This course will investigate the ways in which Latinx activists use mainstream, alternative, legacy and new media, as well as other visual and performing arts to effect social and political change. We will investigate where/how the creative practices of socially/politically engaged artists intersect with the strategies and tactics that social movements employ to mobilize support and achieve their goals. Various historical and contemporary examples of activism from the 1960s to the present day will illustrate the ways in which collective action can be facilitated through the use of media and the arts, and we will consider the ways in which the internet has provided new opportunities for connective action via social media networks that amplify the voices of underrepresented populations. Students will engage with scholarly literature and primary source materials such as newspaper articles that shape and reflect discourse around various contemporary issues, and texts by artists and activists who have effected/are effecting change “on the ground.” Students will also participate in critiques of various social movements’ utilization of activist media and art via personal blogs and the development of group projects. Some examples of topics we will explore throughout the semester include (but are not limited to): the Chicano civil rights movement, El Teatro Campesino, the Zapatistas, gentrification, documentary film, body positivity, Mujeres de Maiz, street art, Colectivo Moriviví, DREAMers and immigrant rights, storytelling for advocacy, protest music, neoliberalism, globalization, local and transnational community building, youth movements, radio activism, DIY activism, and zines.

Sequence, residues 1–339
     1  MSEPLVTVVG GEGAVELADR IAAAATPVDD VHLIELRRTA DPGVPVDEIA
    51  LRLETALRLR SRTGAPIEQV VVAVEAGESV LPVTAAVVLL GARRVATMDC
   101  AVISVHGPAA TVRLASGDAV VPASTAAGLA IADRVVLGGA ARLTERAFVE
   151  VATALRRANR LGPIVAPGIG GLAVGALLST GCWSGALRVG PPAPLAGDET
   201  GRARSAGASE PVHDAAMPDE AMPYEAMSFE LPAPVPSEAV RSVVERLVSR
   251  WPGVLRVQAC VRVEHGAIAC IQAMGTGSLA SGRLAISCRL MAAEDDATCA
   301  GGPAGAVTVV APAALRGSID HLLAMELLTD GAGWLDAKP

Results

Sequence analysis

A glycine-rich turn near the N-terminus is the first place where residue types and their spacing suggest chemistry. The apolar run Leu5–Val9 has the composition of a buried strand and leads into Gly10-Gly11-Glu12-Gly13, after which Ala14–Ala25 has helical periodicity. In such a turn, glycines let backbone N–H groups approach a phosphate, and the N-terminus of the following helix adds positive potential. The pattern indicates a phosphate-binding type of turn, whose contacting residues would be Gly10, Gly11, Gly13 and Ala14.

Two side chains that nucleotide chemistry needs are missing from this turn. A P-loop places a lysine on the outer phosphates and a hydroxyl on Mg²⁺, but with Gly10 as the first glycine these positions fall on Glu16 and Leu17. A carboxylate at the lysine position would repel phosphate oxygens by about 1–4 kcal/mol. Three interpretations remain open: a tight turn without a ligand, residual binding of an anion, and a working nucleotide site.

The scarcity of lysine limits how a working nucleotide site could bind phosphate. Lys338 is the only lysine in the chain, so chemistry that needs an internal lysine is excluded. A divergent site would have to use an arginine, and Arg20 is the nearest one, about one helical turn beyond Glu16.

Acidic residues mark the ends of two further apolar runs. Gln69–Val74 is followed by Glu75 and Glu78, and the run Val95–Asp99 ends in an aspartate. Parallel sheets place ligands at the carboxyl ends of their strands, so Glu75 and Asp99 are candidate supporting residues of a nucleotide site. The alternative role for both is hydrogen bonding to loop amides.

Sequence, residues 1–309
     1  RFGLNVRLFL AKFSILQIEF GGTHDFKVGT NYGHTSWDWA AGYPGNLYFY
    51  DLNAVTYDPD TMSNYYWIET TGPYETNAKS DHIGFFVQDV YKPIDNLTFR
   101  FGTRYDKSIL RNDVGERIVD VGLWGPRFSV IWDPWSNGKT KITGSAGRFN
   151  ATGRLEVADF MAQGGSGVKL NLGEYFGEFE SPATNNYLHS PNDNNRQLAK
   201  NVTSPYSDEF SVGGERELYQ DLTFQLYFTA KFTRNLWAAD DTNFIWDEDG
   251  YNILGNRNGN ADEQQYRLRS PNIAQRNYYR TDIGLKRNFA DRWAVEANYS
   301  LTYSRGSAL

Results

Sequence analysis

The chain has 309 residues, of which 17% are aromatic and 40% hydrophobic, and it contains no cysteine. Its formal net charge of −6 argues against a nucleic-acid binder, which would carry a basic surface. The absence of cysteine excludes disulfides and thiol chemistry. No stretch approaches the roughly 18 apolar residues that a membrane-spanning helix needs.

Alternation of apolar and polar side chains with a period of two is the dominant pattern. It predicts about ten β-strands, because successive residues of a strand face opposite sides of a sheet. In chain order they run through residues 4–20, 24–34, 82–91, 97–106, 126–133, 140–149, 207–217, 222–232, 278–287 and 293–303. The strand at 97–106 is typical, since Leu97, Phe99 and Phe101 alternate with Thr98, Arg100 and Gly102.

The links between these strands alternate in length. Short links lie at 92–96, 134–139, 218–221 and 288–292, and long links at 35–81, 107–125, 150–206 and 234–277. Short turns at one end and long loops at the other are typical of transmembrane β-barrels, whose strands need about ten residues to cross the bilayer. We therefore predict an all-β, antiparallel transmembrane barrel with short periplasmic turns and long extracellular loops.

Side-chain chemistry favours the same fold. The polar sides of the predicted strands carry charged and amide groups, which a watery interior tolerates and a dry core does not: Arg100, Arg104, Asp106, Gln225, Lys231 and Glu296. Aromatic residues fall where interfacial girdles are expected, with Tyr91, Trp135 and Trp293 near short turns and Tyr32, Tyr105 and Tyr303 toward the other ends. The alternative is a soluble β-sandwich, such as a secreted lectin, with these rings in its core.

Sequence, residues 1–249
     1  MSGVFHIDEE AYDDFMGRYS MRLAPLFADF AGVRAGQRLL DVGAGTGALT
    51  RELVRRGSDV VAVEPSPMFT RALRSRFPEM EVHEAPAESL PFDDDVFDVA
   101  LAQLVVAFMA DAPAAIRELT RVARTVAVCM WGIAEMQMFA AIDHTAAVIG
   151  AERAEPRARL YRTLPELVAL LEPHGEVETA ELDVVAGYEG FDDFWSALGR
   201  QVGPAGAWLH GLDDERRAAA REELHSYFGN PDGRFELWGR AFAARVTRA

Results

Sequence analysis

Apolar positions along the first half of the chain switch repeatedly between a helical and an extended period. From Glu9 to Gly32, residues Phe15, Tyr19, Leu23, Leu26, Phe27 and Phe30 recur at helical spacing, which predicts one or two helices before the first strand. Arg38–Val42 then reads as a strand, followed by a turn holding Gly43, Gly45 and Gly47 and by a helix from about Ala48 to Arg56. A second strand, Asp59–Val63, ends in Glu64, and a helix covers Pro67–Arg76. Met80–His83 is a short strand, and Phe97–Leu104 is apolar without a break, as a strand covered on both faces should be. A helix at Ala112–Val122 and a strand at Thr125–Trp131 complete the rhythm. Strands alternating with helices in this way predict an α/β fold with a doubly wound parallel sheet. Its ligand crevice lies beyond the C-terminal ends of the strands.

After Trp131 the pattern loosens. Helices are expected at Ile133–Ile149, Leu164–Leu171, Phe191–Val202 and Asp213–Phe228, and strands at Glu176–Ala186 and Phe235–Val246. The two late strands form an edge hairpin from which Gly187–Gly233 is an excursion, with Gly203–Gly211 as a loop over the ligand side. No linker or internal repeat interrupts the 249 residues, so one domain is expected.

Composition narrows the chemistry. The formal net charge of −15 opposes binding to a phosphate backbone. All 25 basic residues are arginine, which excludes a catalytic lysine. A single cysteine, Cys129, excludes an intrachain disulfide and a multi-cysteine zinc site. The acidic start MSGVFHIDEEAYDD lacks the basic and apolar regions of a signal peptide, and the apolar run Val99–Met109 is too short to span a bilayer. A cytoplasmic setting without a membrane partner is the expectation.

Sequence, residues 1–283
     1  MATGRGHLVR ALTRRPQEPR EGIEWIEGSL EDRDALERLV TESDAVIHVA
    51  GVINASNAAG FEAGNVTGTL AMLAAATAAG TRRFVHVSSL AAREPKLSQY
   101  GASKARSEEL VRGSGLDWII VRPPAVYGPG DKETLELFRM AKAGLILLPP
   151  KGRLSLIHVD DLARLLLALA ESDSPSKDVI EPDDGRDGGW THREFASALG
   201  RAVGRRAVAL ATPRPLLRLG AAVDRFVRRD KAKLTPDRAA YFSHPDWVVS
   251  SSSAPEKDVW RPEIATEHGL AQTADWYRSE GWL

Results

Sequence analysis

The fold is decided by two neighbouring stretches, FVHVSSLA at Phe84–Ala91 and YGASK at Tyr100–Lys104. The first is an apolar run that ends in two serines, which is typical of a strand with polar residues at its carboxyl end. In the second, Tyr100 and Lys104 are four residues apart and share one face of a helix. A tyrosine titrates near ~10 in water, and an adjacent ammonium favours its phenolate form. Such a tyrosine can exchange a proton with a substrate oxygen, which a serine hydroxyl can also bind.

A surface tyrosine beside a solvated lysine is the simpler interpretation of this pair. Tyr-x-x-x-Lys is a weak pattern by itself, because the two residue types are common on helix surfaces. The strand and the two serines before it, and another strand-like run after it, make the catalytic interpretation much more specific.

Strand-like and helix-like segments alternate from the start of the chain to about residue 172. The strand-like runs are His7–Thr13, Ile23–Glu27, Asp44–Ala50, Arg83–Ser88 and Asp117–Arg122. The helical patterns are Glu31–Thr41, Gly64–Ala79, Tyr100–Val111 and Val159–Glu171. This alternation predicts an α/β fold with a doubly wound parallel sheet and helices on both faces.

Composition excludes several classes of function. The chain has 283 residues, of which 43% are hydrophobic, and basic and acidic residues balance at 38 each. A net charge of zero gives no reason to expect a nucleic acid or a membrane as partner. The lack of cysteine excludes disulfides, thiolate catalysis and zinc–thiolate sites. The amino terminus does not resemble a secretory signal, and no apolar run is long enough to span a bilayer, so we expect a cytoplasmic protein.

MAS 374 • Chicana/O Film

39660 • Fall 2019
Meets TTH 2:00PM-3:30PM MEZ 1.216
CD (also listed as RTF 359)

This course will investigate representations of Chicanos/as, both on-screen and behind the scenes of U.S. films. We will begin with a brief overview of representations of Mexicans/Mexican-Americans in U.S. film from the silent era through the 1960s. The remainder of the class will focus on films made by, for, and about Chicanos/as and Mexican-Americans from the Chicano Movement of the 1960s/70s to the present day. Feature-length, short, experimental, narrative, and documentary films from the first, second, and third waves of Chicano cinema will be examined. While the majority of the texts we will be looking at were made by Chicano/a filmmakers, we will also examine key works by non-Chicano filmmakers who have made significant contributions to the representation of Chicanos/as on film. We will consider historical, economic, industrial, social, and political factors affecting Chicanos/as access to and participation in the film industry, as well as their representation on-screen. Manifestations of gender bias in the Chicano movement, film industry, and writing of film history will be of particular interest, as will the following themes: film as a tool for social change; the construction of individual, ethnic, and national identity; the intersection of race, class, gender, and sexuality; the politics of representation; the commodification of Latinidad; cultures of production; and issues of authorship and creative control.

MAS 374 • Transnatl Latinx Pop Culture

39664 • Fall 2019
Meets TTH 3:30PM-5:00PM MEZ B0.302
CD (also listed as LAS 328, WGS 340)

Please check back for updates.